Policy Will Offer Trainees More Flexibility, Reduce Stress, and Increase Autonomy in Making Life Decisions
CHICAGO — July 13, 2020 — The American Board of Medical Specialties (ABMS), the leading not-for-profit organization that oversees physician certification in the United States, announced the adoption of a progressive leave policy that will offer residents and fellows more flexibility, reduce stress, and increase autonomy in making life decisions, especially with regard to family and parental leave.
Starting in July 2021, all ABMS Member Boards with training programs of two or more years duration will allow for a minimum of six weeks away once during training for purposes of parental, caregiver, and medical leave, without exhausting time allowed for vacation or sick leave and without requiring an extension in training. Member Boards must communicate when a leave of absence will require an official extension to help mitigate the negative impact on a physician’s career trajectory that a training extension may have, such as delaying a fellowship or moving into a full, salaried position.
“The growing shifts in viewpoints regarding work-life balance and parental roles had a great influence in the creation of this policy which fosters an environment that supports our trainees’ ability to care not only for patients, but also for themselves and their families,” stated Richard E. Hawkins, MD, ABMS President and Chief Executive Officer. “Several ABMS Member Boards have already adopted policies ensuring residents and fellows have the flexibility to manage their training commitments ‘when life happens’ and not unduly delay achievement of board certification. All of our Member Boards will extend these opportunities to residents as they implement the new policy during the next year.”
The development of the new “ABMS Policy on Parental, Caregiver and Family Leave” was initiated following a report from the Accreditation Council on Graduate Medical Education’s (ACGME) Council of Review Committee Residents in June 2019. An ABMS Task Force on Parental Leave was established and included Jo Buyske, MD, President and Chief Executive Officer, American Board of Surgery (ABS) and Carolyn Kinney, MD, Executive Director, American Board of Physical Medicine and Rehabilitation, both members of the ABMS Board of Directors Member; Nancy Rose, MD, representing the American Board of Medical Genetics and Genomics; and Julius Hamilton, MD, a cardiothoracic anesthesiologist and a member of the ABMS Stakeholder Council. ABMS and ACGME co-sponsored a workshop on resident and fellow parental and family leave in early February 2020 that brought together more than 80 multidisciplinary stakeholders to explore this issue and make recommendations for improvement.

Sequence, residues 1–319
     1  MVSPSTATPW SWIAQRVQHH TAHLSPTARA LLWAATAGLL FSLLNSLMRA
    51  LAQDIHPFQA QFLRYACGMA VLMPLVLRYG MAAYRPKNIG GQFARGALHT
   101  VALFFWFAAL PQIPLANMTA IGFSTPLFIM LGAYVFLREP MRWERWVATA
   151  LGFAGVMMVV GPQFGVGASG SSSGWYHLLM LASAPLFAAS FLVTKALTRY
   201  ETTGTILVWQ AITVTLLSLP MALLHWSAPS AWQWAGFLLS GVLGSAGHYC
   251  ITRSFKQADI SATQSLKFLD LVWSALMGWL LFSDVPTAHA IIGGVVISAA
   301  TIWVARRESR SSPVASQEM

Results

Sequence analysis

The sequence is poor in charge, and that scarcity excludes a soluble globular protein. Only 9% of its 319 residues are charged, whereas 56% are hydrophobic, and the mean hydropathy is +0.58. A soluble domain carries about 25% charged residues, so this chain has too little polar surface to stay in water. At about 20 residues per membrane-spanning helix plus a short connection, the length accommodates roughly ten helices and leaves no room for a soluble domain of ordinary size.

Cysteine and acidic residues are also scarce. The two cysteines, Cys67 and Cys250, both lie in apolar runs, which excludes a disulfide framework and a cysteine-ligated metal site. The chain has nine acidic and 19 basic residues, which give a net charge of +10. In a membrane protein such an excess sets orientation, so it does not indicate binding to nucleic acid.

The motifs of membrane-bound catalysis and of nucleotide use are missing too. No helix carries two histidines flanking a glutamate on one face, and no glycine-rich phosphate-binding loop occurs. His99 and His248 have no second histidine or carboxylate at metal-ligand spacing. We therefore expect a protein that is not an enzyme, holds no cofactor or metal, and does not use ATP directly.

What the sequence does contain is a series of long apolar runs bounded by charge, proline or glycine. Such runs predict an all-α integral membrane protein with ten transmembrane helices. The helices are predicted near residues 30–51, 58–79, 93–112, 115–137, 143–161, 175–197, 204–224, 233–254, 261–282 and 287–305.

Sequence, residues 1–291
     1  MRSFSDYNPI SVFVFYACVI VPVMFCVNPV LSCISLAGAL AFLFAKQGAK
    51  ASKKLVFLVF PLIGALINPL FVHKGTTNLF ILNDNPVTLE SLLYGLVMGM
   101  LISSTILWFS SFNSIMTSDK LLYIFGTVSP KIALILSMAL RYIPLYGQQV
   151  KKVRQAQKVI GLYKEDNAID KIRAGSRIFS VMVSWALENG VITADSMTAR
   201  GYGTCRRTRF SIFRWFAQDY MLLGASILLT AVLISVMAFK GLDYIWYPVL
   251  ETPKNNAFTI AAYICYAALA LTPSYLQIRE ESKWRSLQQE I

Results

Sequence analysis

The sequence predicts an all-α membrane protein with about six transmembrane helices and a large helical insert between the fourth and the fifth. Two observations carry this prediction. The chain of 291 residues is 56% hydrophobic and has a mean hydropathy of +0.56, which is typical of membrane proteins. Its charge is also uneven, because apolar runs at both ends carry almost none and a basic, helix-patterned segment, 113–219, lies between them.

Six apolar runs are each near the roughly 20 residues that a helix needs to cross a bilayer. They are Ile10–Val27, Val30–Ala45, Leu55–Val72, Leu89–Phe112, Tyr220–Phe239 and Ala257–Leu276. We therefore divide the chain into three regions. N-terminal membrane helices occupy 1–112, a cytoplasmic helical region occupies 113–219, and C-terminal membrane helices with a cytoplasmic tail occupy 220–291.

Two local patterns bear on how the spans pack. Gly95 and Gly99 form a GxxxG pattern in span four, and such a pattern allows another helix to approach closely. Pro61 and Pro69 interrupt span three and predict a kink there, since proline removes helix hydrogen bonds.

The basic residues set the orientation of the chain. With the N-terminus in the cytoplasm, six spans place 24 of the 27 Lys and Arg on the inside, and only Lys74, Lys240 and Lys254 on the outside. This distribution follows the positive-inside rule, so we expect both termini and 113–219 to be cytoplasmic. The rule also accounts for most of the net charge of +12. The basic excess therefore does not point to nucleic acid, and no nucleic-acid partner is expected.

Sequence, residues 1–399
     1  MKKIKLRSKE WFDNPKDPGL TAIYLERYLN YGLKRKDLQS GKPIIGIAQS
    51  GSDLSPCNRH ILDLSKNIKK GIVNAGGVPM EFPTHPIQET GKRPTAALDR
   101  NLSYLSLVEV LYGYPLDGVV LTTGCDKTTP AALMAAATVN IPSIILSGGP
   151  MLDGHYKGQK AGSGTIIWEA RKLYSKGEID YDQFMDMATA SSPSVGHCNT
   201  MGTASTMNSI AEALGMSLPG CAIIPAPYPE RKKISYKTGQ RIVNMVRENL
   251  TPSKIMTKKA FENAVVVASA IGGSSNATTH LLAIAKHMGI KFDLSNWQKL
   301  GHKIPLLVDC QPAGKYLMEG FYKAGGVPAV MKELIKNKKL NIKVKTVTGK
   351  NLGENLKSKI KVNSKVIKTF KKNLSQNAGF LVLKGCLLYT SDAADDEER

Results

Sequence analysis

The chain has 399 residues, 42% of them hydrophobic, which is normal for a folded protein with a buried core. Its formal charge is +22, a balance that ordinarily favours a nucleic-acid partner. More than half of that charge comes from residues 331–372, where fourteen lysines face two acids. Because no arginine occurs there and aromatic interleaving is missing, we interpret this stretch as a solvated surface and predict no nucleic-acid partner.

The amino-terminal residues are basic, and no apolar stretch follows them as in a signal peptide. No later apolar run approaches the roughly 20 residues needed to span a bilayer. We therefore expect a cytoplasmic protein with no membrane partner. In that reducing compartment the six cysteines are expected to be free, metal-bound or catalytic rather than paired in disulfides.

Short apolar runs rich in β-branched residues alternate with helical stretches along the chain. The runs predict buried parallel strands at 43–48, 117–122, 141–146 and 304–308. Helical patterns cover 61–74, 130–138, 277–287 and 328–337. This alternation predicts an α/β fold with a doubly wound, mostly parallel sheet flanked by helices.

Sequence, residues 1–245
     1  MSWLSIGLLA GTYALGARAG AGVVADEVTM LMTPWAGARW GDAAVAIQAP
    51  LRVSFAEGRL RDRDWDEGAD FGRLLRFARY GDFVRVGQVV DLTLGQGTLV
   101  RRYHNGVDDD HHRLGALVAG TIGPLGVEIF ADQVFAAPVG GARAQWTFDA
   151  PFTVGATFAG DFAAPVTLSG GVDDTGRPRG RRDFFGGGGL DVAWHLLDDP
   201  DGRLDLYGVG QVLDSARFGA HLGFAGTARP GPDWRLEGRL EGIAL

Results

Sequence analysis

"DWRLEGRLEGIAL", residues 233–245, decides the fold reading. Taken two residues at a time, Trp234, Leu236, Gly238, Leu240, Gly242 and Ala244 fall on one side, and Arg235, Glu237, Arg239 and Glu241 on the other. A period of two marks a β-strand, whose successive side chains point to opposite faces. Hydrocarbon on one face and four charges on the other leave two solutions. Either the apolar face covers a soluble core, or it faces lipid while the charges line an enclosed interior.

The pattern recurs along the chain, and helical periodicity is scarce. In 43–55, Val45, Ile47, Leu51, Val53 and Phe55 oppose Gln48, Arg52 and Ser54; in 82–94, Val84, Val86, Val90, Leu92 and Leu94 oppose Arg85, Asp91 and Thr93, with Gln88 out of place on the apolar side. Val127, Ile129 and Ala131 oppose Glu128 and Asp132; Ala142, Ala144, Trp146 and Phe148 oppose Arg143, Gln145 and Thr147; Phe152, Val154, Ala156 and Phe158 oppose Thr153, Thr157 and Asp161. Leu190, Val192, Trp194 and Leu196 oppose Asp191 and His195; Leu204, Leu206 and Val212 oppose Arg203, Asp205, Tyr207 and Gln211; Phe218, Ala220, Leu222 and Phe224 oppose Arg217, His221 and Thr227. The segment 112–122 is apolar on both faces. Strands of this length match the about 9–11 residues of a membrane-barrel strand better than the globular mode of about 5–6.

“It is gratifying to see the high level of engagement and commitment from ABMS Member Boards to address an issue that is so important to physicians in training,” said Dr. Kinney. “Through Member Boards’ compassionate and creative efforts, we see that it is possible to maintain high standards for physician training while preserving trainees’ physical and emotional well-being.”
The newly approved policy offers ABMS Member Boards the flexibility to create a parental, family or medical leave protocol that best suits the training required for their specialty and/or subspecialty. Examples of this tailored approach include the American Board of Anesthesiology’s (ABA) recent addition of 40 additional days (8 weeks) of absence from training over and above the existing 60 days absence permitted, subject to approval by the ABA, without extending training, and ABS’ six-year residency option, under which a resident may take up to 12 months leave during the training period if needed. The American Board of Obstetrics and Gynecology allows a resident to take up to a total of 24 weeks (six months) of leave over the four years of residency, not to exceed 12 weeks in a single year.
Kristy Rialon, MD, one of the authors of the ACGME report, welcomes this change. “By virtue of their ages, residents and fellows—male and female—often find themselves having and raising children, as well as serving as family members’ caregivers,” said Dr. Rialon, Assistant Professor of Surgery at Baylor College of Medicine and the Texas Children’s Hospital. “By adopting more realistic and compassionate approaches, the ABMS Member Boards will significantly improve the quality of life for residents and fellows. This also will support our female physicians, helping to narrow the gender gap in their career advancement by allowing for greater leave flexibility.”
Established in 1933, the American Board of Medical Specialties (ABMS) is the leading not-for profit organization overseeing physician certification in the United States. ABMS supports 24 Member Boards that develop educational and professional standards and programs of assessment to certify physician specialists, all dedicated to improving the quality of care to the patients, families and communities they serve. More than 900,000 physicians are certified in one or more of 40 specialties and 87 subspecialties offered by the ABMS Member Boards. For more information about ABMS, visit abms.org or call (312) 436-2600.
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